I encountered yet another interesting study from Pew Research.  This time, it’s about how well we’ve learned to shut up around people with whom we disagree on politics.

A majority (62%) of Republicans and Republican leaners in counties that went very strongly for Donald Trump in the general election (those where his share of the two-party vote was at least 40 percentage points greater than Hillary Clinton’s) said that when these disagreements happened, it was better to try to find common ground. In counties that Trump won less resoundingly, or those where Clinton prevailed, Republicans were less likely to seek common ground on politics and more likely to prefer to avoid talking about differences, according to the national survey conducted Nov. 29-Dec. 12 among 4,138 adults on Pew Research Center’s American Trends Panel.

A similar pattern was evident among Democrats and Democratic leaners: 59% of those living in counties where Clinton defeated Trump by 40 points or more said it was better to address political differences, while 40% it was better to avoid talking about these differences.   Among Democrats in strong Trump counties, opinion was almost the reverse: 61% said it was better to avoid raising political differences while just 39% said it was better to talk about them.

This is really intriguing to me.  Essentially, those of us who don’t hang around with a lot of people who disagree with us are perfectly willing to agree on how important it is to find “common ground” on politics.  Those of us who are surrounded by them know better and clamp our mouths shut.

No wonder you guys hang out here.

What does this mean?  It seems as if there are Americans walking around everyday of their lives, feeling as if they’re living in enemy-occupied territory.  They don’t dare speak out; remaining on guard and always ready to segue any political question to sports.  Or they throw a flash-bang and flee.  I don’t know what they do.

I’m one of those people who lives in a “purple” county.  It went for Trump by a little bit over 50%.  He beat Clinton by about 9 points and the rest went third party.  And as I’ve mentioned before, I generally don’t discuss politics with anyone in person unless I know them well and we pretty much agree on everything.  Yeah, I’m the opposite irl of how I am on here.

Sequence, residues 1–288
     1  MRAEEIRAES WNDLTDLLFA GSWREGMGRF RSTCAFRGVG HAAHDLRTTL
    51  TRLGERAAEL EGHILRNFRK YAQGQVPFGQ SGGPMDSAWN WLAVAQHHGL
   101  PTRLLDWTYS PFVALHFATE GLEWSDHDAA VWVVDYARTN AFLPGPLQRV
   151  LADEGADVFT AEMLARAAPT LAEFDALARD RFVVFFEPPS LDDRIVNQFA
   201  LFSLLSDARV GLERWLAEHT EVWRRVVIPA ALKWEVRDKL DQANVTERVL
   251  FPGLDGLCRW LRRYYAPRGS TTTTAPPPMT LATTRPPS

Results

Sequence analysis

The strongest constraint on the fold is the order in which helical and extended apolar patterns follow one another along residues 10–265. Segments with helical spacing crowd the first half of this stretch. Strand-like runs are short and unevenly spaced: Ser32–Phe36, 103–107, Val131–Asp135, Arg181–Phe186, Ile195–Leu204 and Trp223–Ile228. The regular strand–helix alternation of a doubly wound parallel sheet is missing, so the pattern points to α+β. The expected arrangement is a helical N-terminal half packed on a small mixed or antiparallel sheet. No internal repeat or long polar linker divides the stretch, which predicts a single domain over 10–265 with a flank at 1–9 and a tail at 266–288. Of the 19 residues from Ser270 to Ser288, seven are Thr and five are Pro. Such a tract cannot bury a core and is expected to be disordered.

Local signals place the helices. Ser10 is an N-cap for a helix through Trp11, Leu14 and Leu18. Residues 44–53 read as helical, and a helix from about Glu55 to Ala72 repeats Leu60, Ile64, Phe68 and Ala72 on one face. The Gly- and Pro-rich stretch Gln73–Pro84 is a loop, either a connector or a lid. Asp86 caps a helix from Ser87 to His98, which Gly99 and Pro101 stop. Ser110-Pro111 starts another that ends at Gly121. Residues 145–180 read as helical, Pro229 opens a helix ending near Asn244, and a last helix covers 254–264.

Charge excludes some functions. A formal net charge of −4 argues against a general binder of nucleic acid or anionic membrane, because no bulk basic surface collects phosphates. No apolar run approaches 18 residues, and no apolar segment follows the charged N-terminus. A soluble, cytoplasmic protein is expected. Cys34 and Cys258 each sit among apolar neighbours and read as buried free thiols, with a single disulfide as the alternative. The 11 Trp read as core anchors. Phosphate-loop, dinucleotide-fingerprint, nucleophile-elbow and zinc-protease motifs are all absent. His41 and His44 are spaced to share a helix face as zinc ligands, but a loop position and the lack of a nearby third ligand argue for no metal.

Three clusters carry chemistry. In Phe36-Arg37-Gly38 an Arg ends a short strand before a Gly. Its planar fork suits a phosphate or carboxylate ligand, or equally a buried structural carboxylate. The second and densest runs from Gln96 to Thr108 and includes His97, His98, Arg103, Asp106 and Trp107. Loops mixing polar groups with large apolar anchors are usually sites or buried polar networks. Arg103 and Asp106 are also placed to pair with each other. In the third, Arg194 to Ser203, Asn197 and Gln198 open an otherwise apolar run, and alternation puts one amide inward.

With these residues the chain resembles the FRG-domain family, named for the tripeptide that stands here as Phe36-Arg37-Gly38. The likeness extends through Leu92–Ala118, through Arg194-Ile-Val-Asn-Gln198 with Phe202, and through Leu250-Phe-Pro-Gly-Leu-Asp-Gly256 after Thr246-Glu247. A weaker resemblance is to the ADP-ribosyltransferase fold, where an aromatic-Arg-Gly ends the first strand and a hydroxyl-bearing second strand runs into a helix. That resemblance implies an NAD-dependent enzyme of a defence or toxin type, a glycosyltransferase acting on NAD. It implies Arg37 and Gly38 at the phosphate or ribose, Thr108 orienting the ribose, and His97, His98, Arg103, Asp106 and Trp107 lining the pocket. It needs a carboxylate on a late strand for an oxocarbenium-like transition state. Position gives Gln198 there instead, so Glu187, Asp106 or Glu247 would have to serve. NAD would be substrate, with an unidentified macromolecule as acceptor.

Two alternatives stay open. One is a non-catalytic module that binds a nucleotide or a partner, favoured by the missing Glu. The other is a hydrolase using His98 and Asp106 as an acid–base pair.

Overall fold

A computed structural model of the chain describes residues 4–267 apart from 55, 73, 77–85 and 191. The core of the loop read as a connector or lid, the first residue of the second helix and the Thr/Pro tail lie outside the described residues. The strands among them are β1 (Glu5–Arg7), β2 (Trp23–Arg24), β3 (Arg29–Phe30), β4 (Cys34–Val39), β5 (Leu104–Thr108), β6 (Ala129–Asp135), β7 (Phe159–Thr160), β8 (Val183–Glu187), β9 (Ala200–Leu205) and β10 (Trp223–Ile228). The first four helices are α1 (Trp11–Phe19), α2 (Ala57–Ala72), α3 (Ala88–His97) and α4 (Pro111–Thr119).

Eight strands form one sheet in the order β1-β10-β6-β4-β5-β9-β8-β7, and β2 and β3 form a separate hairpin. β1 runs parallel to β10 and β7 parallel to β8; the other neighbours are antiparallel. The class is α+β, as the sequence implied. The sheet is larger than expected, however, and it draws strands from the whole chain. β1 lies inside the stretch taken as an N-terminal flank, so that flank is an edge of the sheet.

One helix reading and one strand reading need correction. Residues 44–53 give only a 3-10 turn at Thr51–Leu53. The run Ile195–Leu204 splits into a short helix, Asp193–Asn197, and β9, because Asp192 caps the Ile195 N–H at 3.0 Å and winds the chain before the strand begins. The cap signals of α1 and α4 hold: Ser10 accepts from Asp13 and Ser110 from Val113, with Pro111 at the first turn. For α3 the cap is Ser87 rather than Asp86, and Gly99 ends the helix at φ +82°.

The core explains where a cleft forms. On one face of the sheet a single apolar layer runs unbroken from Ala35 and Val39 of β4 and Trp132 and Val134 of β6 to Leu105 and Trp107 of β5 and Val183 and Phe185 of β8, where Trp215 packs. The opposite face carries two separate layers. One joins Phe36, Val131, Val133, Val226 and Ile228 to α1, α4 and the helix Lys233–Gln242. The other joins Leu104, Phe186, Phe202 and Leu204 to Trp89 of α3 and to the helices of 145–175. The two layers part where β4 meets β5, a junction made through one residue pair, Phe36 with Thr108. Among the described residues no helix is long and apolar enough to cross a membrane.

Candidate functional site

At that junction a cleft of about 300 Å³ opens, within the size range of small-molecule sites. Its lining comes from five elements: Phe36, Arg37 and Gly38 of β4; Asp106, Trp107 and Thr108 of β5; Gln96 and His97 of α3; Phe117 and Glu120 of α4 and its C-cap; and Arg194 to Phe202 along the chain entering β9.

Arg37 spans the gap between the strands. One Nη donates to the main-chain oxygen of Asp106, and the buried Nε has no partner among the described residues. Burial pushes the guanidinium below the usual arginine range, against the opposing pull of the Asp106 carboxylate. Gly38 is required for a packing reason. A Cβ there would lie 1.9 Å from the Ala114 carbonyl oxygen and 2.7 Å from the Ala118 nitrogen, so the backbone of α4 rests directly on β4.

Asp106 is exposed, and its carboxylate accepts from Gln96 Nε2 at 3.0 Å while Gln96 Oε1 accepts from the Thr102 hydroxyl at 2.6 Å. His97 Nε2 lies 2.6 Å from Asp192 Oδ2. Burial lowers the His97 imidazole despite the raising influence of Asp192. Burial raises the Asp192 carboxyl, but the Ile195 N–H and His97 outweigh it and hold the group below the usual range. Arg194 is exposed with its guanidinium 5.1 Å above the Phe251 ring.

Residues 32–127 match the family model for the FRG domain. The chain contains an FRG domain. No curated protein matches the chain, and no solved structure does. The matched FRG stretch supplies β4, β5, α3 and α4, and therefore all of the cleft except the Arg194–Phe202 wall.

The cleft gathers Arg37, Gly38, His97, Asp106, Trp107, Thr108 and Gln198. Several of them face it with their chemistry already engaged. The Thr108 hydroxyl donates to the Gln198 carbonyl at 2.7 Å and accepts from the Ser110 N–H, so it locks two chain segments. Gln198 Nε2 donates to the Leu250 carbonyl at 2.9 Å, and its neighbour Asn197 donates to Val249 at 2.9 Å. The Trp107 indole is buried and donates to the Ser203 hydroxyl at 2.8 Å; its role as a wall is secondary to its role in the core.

We all find this to be true.  I think when we’re usually in the company of people who generally agree with us, it’s easy to assume that political discussions are always civil.  Most of us know that they’re not.

Funny story.  A few years ago, my employer had some big screen televisions set up in the dining area.  There were three and you’d usually have one or two turned to cable news and another on ESPN or what have you.

Well, the televisions became an issue when they were turned to cable news.  People complained.  Half of the complainers were upset when Fox News was on and the other half didn’t want to watch CNN or MSNBC.  There was a stunning amount of bickering among these professional, college-educated adults.  One guy even tried to break into the server cabinet that the remote control was kept in so he could change the channel.

At first, the facilities manager (who had control over the televisions for some reason) tried to reason with everyone by decreeing that for one month, the televisions would be on Fox News and on the next month, CNN or MSNBC.  It didn’t work.  The complaints intensified.  Ultimately, the exasperated facilities manager gave up and just turned on Court TV, ESPN, and ESPN2 and then locked the remote control in his desk.

So yeah, I know better than to discuss politics with anyone around here.

Another noteworthy aspect of this study is how segregated we are from those with different viewpoints.  We generally choose to live and hang out among the like-minded.  Seriously, what do you expect us to do?  We can’t talk to each other.

The biggest surprise to me in this poll is how many voters had zero personal friends who voted for “the other” candidate.  It was more pronounced among Democrats, but present on both sides:

That really does surprise me and confirms one of my worst suspicions about the 2016 Election.  We’ve lost the ability to be friends…or even friendly when politics comes up for discussion.